A House subcommittee has quietly leapfrogged President Carter's coming national water policy by recommending reinstatement of six of the nine federal water projects killed off last year by the administration.

The move could lead to a resumption of the bitter political battle waged last year between advocates of continuing large-scale federal water projects, most of them in the West and administration official who first provoked the fight but who have sought recently to avoid renewing it.

The Appropriations subcommittee on public wormks recommended this month that nearly $20 million in restudy and construction funds be made available for projects included last year on Carter's controversial "hit list." It also proposed funding for 36 new projects.

The subcommittee report has not been made public.

Administration officials said yesterday they would "uneqiuivocably fight" any attempt to revive projects terminated last year unless they were on a select list designated earlier for restudy. Only one of the subcommittee's six projects is on that list.

In addition to looming problems with the West over water policy, there are fresh indications of opposition from eastern interests.

The president is scheduled to meet today with the watersubcommittee of the National Governors' Association. But two of the eastern representatives said they would not attend.

Aides to Govs. Hugh Carey of New York and Micheal Dukakis of Massachusetts, both Democrats, said they would boycott the meeting because administration officials made clear in preliminary briefings last week that no provision would be made in Carter's water policy for funds to rehabilitate antiquated and crumbing eastern water systems.

"We think it would be a waste of time to go if they're not going to talk about our water problems in the East," a Dukakis aide said yeaterday.

Utah Democrat Scott Matheson, who heads the governors' water subcommittee, will lead the remaining six western members in a plea to Carter to include some help for the East in his water policy statement, due in about a week.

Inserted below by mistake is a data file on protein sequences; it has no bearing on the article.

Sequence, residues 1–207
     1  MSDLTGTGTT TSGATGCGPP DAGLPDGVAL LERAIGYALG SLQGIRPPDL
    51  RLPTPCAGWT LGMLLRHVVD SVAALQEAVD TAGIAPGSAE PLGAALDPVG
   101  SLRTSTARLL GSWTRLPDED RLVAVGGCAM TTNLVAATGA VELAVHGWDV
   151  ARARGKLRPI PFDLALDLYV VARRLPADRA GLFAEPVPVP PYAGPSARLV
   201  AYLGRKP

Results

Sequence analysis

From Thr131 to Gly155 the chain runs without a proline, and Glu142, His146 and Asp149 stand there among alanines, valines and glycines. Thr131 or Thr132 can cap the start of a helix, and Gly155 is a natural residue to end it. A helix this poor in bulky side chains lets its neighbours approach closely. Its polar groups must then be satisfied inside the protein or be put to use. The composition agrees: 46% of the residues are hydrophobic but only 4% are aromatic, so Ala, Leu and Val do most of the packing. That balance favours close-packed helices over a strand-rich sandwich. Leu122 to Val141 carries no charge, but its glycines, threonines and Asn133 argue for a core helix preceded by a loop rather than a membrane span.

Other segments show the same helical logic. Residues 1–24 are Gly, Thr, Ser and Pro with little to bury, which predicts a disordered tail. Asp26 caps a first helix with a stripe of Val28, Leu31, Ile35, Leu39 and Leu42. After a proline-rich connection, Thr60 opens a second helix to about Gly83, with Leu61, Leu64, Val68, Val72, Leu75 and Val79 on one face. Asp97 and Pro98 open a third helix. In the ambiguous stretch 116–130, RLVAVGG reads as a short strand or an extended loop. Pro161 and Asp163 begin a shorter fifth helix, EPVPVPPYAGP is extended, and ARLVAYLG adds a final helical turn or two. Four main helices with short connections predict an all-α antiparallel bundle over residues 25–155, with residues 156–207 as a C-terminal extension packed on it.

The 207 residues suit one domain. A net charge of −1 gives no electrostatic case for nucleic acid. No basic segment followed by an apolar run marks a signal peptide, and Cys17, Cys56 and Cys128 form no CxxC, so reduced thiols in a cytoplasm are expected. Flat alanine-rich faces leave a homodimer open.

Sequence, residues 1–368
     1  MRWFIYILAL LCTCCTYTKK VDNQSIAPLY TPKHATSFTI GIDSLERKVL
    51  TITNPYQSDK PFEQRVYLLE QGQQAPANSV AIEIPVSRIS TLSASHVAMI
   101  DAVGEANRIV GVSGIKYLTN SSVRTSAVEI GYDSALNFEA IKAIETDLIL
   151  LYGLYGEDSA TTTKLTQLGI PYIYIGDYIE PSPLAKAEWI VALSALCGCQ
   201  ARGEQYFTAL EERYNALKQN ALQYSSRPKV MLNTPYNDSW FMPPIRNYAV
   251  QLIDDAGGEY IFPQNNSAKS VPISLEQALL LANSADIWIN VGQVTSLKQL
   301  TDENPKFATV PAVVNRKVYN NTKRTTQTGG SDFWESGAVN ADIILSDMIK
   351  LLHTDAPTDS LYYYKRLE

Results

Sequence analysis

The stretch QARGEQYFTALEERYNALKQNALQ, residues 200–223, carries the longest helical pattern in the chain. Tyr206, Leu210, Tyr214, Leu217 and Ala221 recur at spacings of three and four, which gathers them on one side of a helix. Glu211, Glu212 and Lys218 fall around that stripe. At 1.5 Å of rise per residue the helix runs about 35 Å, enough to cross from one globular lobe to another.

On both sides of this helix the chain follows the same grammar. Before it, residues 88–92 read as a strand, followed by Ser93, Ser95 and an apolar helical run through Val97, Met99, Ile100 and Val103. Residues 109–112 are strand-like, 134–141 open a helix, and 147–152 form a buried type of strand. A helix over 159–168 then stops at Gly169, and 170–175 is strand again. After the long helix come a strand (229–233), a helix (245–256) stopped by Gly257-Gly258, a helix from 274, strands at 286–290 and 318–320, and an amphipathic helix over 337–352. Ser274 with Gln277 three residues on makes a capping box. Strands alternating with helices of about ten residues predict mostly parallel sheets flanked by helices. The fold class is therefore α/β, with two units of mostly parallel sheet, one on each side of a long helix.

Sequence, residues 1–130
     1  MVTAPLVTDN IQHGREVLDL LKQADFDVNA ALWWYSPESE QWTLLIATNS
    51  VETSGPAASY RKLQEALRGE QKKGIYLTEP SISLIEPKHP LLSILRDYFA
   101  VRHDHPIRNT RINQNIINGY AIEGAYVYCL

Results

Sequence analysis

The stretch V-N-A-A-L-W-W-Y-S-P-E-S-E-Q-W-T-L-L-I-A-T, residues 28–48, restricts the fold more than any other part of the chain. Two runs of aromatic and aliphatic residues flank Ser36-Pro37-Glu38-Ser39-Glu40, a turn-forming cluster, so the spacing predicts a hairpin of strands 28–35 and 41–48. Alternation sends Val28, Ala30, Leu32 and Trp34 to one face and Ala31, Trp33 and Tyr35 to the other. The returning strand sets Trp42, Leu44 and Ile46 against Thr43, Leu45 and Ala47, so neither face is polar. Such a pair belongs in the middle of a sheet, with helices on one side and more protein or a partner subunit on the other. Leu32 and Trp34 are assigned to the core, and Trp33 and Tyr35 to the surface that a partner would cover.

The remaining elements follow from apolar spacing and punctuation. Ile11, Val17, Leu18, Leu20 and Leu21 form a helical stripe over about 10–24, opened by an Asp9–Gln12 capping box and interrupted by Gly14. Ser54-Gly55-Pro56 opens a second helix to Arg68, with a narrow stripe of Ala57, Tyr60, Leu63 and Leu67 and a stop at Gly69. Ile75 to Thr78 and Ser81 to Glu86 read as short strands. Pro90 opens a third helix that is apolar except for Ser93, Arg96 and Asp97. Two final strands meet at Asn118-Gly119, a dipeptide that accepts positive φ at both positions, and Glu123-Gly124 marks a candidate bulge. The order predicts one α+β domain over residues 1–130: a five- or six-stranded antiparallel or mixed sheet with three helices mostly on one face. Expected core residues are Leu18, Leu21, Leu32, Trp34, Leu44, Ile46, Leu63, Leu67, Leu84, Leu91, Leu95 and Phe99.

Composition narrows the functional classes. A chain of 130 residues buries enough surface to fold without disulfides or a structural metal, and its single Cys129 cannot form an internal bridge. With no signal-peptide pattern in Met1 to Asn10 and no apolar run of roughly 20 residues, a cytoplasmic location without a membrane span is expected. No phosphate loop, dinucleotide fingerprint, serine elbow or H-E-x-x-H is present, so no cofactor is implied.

In briefings on water policy, Carter and his advisers have focused so far on the West or on general proposal that would apply nationwide. Last week, Carter made no mention of planned help for the Northeast in a briefing to a group of enviromental.

Carter did tell the enviromentalists he planned to seek $30 million to $50 million for general water management programs. Officials said that could include study of eastern water systems.

The President also said he favored requiring states to contribute 10 percent of annual federal construction appropriations for projects within their borders, and additional noncash contributions.

Federal overseers would also require tighter cost-benefit ratios on proposed new projects, he said.

Presidential and vice presidential aides emphasized last week that they wanted no part of any new fight over the large-scale water projects in the West. Yesterday, however, administration officials said they would fight five of the six projects the House subcommittee has recommended for refunding.

The Appropritations subcommittee report called for construction funds for Merramec Park, Mo., Yatesville Reservoir, Ky., and Narrows Dam, Colo.

Additional money was recommended for restudy of projects at La Farge Lake, Wis., Fruitland Mesa, Colo., and Savery-Pothook, Colo.

Of the six, only Narrows Dam had been on the administration's list of projects acceptable for restudy.

"The others," said an Interior Department official, "we opposed ealier and their termination was looked on as a long-term, not a short-term solution."

In addition to restarting the six projects the House subcommittee recommended outlays for various water projects that would exceed the president's budget recommendations by about $200 million.